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Dairy Diaries: Which Milk is Best for You?
Got milk? With so many varieties available at your nearest grocery store, you might have a hard time figuring out which is right for you. In addition to the wide array of cow’s milk to choose from, there are also non-dairy alternatives like almond milk, soy milk and rice milk. In this post, we’ll define each type of milk and highlight some of the most notable differences between them in terms of calories, fat and protein to help you determine which would best suit your needs.  
Dairy Varieties
Whole milk is pasteurized milk that has not had its fat content removed or reduced. This kind of milk has the highest fat content of any cow’s milk, hence the name “whole.” Whole milk is an excellent source of calcium, a necessary nutrient for healthy teeth and bones. In fact, whole milk gives us 28-30% of our daily recommended calcium intake. Other nutrients found in milk, like vitamin A and potassium, help strengthen the immune system and improve heart health. The biggest disadvantage of whole milk is its high fat content at 8 grams of fat, 5 grams of which are saturated fat. A one-cup serving of whole milk has 146 calories, 8 grams of protein, and 13 grams of sugar.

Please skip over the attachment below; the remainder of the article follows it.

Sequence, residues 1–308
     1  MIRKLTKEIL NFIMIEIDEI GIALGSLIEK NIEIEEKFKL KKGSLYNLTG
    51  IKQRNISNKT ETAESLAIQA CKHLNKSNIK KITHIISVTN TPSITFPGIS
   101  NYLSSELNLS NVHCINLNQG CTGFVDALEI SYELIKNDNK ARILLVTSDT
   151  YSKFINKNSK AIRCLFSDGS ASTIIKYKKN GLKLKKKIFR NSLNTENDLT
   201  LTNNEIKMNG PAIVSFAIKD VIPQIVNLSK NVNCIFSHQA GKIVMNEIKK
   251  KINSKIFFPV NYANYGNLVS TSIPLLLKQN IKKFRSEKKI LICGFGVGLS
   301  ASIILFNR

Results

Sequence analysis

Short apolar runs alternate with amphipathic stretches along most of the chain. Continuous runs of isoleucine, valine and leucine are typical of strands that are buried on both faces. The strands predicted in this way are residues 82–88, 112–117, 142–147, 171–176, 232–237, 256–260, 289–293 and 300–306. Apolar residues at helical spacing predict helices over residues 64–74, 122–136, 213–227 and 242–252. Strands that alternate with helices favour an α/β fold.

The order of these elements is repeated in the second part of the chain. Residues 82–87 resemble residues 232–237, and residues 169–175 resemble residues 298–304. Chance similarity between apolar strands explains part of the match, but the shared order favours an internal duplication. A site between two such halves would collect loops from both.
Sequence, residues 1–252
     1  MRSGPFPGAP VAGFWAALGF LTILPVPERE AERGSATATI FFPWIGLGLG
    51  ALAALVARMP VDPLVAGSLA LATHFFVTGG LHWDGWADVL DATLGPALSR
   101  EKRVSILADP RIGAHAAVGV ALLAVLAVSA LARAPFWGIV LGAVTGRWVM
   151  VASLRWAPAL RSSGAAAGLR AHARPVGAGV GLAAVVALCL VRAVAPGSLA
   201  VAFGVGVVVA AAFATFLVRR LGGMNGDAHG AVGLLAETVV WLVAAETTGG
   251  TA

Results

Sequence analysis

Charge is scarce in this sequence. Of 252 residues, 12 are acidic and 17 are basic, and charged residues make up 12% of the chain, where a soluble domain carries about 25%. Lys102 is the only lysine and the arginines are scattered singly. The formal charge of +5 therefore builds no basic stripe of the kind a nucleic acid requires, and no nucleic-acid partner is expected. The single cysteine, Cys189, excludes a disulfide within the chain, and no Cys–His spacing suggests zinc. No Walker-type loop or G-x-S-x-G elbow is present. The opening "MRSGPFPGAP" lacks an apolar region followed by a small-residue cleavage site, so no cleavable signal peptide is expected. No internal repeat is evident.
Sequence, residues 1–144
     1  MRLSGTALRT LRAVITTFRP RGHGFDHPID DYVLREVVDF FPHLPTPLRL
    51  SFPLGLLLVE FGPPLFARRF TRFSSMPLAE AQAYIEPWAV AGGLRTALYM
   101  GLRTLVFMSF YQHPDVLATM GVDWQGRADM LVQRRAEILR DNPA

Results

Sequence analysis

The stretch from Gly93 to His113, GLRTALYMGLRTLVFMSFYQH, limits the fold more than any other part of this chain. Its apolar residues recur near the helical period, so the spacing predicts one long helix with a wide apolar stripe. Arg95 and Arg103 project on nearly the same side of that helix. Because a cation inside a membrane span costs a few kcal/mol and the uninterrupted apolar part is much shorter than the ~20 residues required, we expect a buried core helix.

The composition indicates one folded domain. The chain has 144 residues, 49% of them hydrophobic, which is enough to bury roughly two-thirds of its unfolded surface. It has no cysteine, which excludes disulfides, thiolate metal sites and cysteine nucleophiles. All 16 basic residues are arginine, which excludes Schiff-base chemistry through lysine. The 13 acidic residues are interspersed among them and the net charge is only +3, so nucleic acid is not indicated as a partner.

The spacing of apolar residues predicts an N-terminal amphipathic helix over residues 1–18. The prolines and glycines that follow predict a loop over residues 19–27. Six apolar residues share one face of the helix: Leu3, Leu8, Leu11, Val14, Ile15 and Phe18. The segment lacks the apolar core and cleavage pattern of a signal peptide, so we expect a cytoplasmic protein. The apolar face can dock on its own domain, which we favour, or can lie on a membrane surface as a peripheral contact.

If you love the taste of milk, but are looking to cut more fat from your diet, try 2% milk. Also referred to as reduced fat milk, 2% milk contains – you guessed it – 2% fat by weight. One cup of this type of milk contains 5 grams of fat, only 3 of which are saturated fat. It has 138 calories, 10 grams of protein and 13 grams of sugar.  One serving of 2% milk offers the same essential vitamins and minerals as regular whole milk, but with less saturated fat and fewer calories.
Nonfat milk or skim milk is nearly fat free. For this type of milk to be considered fat free, however, it must contain less than 0.5% milk fat. One serving has 31% of your daily recommended value of calcium and, while most of the fat has been removed, the nutritional value remains the same. At 83 calories per serving, this is a good option if you are limiting your fat intake or watching your cholesterol. 
Non-Dairy Varieties
Perhaps the most popular milk alternative, soy milk is a tasty, nutritious substitute. Soy milk is made from liquid extracted from soy beans that is mixed with water. It can be made plain or flavored. Soy milk is low in saturated fat and cholesterol free. This milk alternative is excellent for people who have dairy allergies or are lactose intolerant.  Soy milk is plant-based, so it doesn’t have the same amount of protein as cow’s milk, but it does help reduce bad cholesterol, prevent heart disease, and aid in weight loss. One cup of vanilla soy milk contains 105 calories, 6 grams of protein and 30% of your daily recommended amount of calcium.